enzymes contain between 100 and 1,000 amino acids.
These amino acids are joined together in a long chain, which is folded to
produce a unique 3D structure.
Why is shape important?
The shape of an enzyme is very important because it has a direct effect on
how it catalyzes a reaction.
Why do enzymes have different shapes?
An enzyme’s shape is determined by the
sequence of amino acids in its structure,
and the bonds which form between the
atoms of those molecules.
Different types of enzymes have different shapes and functions because
the order and type of amino acids in their structure is different.
Why are enzymes so specific?
Enzymes are very specific about which reactions they catalyze. Only
molecules with exactly the right shape will bind to the enzyme and react.
These are the reactant, or substrate, molecules.
The part of the enzyme to which the
reactant binds is called the active site.
This is a very specific shape and the
most important part of the enzyme.
Enzymes: true or false?
What happens at the active site?
In the same way that a key fits into a lock, so a substrate is thought to fit into
an enzyme’s active site. The enzyme is the lock, and the reactant is the key.
↔
+
enzyme
+
reactant
↔
↔
enzyme-reactant
complex
+
↔
enzyme
+
products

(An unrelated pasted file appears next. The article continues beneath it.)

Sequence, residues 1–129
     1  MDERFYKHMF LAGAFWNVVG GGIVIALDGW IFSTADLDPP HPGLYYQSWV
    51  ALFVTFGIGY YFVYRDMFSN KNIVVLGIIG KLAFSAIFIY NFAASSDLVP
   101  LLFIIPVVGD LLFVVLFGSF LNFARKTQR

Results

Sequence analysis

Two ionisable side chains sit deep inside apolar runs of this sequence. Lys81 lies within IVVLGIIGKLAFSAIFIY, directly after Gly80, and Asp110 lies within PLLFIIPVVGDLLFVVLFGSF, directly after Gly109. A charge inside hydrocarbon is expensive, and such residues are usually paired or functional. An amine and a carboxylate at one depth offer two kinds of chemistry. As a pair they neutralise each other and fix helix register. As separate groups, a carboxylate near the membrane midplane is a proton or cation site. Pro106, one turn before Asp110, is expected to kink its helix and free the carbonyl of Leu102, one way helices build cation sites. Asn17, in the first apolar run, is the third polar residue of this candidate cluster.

The lock and key model
Digestion in the stomach
When food enters the stomach it stimulates the secretion of hydrochloric
acid (HCl) from the stomach wall. HCl increases the acidity of the stomach
to about pH2 – the optimum pH for stomach enzymes.
oesophagus
mucus cells
gastric gland
parietal cells
(acid-producing)
duodenum
Match the reactant
Digestion in the small intestine
Digestive enzymes found in the small intestine are damaged by a strongly acidic
pH.
How does the body avoid this problem?
The liver produces bile (an alkali), which is stored in the gall bladder and
released into the small intestine.
hepatic
duct
Bile neutralizes the acidic
contents coming from the
stomach, creating the alkaline
gall
environment that the intestinal
bladder
enzymes need to work.
pancreas
duodenum
bile duct
Factors affecting enzymes
The rate of enzyme–catalyzed reactions depends on several factors. What are
some of these?
Factors that affect the rate of a reaction include:
 temperature
 substrate concentration
 pH
 surface area
 enzyme concentration
 pressure.
All enzymes work best at only one particular temperature and pH: this is
called the optimum.
Different enzymes have different optimum temperatures and pH values.
Enzyme inhibitors
Factors affecting enzymes
If the temperature and pH changes sufficiently beyond an enzyme’s optimum, the
shape of the enzyme irreversibly changes.
This affects the shape of the active site and means that the enzyme will no
longer work.
When this happens the enzyme is denatured.
heat
pH
normal
denatured
Enzymes in the home
How many items are made using enzymes?
• Exam question
Mark Scheme
a) (i) stomach
(ii) small intestine
B)
1
1
salivary
glands
stomach
pancreas
small
intestine
amylase
✓
✕
✓
✓
lipase
✕
✕
✓
✓
protease
✕
✓
✓
✓
1 mark per correct row or if no correct row max 1 mark for any one correct column
(c)
enzyme / protease / pepsin most effective in acid conditions / low pH
accept optimum / correct pH
do not accept ref to incorrectly named enzymes
ignore killing bacteria
ignore acid breaks down food
• (d)
Enzyme
Breakdown products